By Dan Moren
June 16, 2021 12:12 PM PT
If you’ve spent any amount of time troubleshooting network connections, you’ve probably used good old
ping. But as I discovered recently, sometimes you need a little more information out of it. For example,
ping by default does not tell you when the packets you receive come in, which can sometimes be helpful—especially if you need to reconcile information from different servers.
ping on macOS lets you easily add a timestamp with a single additional option. Just enter
ping --apple-time <IP address> to see the time a packet was received, right down to the microsecond.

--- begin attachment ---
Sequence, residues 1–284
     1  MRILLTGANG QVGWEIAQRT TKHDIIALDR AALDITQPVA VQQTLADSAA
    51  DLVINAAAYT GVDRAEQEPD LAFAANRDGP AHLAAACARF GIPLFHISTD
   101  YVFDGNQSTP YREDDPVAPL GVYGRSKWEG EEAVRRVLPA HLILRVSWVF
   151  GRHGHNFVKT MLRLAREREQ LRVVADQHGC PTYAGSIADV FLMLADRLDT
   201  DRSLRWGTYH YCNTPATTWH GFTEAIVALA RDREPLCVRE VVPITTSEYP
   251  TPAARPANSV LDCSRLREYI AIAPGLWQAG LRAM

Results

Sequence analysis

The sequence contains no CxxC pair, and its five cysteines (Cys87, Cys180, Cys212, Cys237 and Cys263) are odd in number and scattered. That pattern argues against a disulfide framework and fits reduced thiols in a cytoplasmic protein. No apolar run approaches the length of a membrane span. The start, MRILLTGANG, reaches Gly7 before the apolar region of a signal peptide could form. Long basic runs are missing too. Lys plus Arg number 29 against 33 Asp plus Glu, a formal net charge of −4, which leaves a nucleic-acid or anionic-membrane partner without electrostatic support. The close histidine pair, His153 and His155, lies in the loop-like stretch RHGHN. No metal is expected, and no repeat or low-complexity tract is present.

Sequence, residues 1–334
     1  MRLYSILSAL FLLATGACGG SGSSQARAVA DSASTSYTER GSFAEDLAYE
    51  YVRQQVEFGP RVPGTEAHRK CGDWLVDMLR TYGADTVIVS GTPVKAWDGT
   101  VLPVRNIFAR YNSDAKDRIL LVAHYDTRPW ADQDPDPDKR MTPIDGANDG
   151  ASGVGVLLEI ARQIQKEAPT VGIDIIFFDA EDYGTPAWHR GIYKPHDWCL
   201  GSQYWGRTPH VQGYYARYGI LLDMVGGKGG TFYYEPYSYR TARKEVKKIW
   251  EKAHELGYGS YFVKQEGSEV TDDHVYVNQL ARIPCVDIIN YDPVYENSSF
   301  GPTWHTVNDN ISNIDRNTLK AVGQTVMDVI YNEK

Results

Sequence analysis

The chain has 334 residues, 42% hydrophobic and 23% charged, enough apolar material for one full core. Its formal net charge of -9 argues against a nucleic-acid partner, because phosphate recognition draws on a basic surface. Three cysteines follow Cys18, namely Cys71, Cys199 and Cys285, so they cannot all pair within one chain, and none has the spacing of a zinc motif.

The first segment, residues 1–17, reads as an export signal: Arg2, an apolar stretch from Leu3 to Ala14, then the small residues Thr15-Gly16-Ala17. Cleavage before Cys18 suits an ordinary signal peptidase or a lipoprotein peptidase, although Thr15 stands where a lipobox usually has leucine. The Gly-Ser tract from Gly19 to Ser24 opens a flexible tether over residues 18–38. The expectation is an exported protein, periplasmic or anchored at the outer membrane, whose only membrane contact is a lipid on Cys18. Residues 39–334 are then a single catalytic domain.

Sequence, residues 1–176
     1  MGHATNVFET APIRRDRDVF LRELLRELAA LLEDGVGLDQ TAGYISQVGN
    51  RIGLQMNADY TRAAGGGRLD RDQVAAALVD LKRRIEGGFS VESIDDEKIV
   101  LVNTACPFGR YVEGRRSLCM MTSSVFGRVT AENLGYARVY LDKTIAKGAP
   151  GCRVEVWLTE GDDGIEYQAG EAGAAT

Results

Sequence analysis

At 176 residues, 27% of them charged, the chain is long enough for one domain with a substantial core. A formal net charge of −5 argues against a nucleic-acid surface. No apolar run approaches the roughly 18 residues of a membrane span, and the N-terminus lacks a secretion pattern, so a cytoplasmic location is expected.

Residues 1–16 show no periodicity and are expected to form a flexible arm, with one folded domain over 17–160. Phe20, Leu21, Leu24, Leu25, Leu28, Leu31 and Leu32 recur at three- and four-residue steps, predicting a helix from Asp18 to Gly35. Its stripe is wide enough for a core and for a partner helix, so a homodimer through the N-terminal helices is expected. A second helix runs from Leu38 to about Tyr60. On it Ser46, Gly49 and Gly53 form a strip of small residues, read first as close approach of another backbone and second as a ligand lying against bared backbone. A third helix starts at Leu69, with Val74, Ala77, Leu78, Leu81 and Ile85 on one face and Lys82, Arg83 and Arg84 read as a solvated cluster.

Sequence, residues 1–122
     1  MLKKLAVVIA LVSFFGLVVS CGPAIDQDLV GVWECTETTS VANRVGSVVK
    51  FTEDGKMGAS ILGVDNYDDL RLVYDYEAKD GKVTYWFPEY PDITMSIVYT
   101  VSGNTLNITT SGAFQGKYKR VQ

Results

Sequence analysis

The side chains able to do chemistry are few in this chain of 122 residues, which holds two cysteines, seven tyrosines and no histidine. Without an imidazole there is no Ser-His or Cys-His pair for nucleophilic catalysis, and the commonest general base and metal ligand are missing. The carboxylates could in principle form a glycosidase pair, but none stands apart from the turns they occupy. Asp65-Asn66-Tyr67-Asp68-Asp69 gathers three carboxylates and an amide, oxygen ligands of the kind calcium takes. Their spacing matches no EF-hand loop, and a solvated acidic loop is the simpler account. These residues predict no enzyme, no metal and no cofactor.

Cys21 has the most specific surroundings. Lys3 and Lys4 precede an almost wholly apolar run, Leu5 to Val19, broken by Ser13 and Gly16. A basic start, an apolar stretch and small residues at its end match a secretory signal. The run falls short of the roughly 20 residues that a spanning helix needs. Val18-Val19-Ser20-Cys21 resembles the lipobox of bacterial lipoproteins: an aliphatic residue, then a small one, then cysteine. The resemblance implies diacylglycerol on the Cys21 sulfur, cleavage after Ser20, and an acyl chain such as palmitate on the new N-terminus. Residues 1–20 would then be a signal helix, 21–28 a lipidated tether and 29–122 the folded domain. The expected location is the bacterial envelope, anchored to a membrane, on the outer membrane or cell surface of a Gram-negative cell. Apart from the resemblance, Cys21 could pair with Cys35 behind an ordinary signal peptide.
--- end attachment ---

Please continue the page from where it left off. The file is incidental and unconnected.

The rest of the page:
ping is replete with other options too, including setting intervals between packets, using specific IPs, and even playing an alert sound when packets are dropped or, indeed, when any packet is received.
And if your network troubleshooting needs are more in-depth, you can always check out a GUI tool like PingPlotter.
[Dan Moren is the East Coast Bureau Chief of Six Colors. You can find him on Twitter at @dmoren or reach him by email at email@example.com. His latest novel, The Aleph Extraction, is out now and available in fine book stores everywhere, so be sure to pick up a copy.]
If you appreciate articles like this one, support us by becoming a Six Colors subscriber. Subscribers get access to an exclusive podcast, members-only stories, and a special community.